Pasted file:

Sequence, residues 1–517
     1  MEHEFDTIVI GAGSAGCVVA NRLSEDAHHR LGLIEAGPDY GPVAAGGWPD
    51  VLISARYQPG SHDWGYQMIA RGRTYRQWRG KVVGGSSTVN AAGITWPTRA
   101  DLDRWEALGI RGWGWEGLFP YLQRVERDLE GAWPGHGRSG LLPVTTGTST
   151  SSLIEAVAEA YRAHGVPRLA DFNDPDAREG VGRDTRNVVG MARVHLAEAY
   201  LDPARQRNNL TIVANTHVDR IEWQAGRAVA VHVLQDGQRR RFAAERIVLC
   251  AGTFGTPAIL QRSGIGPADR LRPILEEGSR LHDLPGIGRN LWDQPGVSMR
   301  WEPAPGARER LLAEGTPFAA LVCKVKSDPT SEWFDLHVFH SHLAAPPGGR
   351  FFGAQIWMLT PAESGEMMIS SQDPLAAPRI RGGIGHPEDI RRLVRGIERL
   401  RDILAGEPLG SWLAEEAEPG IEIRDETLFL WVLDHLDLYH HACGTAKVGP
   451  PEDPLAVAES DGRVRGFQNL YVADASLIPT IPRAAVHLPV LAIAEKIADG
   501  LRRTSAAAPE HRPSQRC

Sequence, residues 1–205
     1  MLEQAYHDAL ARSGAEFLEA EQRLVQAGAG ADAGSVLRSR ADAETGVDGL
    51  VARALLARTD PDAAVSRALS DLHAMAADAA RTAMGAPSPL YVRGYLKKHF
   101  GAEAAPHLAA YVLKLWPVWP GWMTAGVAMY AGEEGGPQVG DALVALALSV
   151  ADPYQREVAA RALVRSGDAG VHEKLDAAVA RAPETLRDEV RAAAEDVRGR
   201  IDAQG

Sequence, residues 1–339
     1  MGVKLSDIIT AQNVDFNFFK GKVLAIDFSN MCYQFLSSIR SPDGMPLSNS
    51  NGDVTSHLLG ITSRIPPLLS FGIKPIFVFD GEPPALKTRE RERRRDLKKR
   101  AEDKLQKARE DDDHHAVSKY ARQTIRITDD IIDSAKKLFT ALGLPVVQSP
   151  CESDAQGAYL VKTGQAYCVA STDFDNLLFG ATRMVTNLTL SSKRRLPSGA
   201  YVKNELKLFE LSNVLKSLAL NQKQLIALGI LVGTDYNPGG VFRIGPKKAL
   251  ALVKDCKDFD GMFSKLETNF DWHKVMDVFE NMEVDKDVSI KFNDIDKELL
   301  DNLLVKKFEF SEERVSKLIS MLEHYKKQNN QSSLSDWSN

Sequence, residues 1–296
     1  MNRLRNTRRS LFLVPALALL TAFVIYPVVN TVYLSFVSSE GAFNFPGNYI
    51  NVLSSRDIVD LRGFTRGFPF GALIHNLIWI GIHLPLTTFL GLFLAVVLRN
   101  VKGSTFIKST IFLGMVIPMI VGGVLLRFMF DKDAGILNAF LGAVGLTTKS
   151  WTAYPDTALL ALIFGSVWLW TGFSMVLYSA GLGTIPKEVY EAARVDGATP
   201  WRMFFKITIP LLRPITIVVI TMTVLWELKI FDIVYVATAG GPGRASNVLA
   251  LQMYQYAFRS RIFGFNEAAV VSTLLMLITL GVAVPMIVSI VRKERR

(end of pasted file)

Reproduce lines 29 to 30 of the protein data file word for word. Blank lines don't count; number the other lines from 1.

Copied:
    51  NVLSSRDIVD LRGFTRGFPF GALIHNLIWI GIHLPLTTFL GLFLAVVLRN
   101  VKGSTFIKST IFLGMVIPMI VGGVLLRFMF DKDAGILNAF LGAVGLTTKS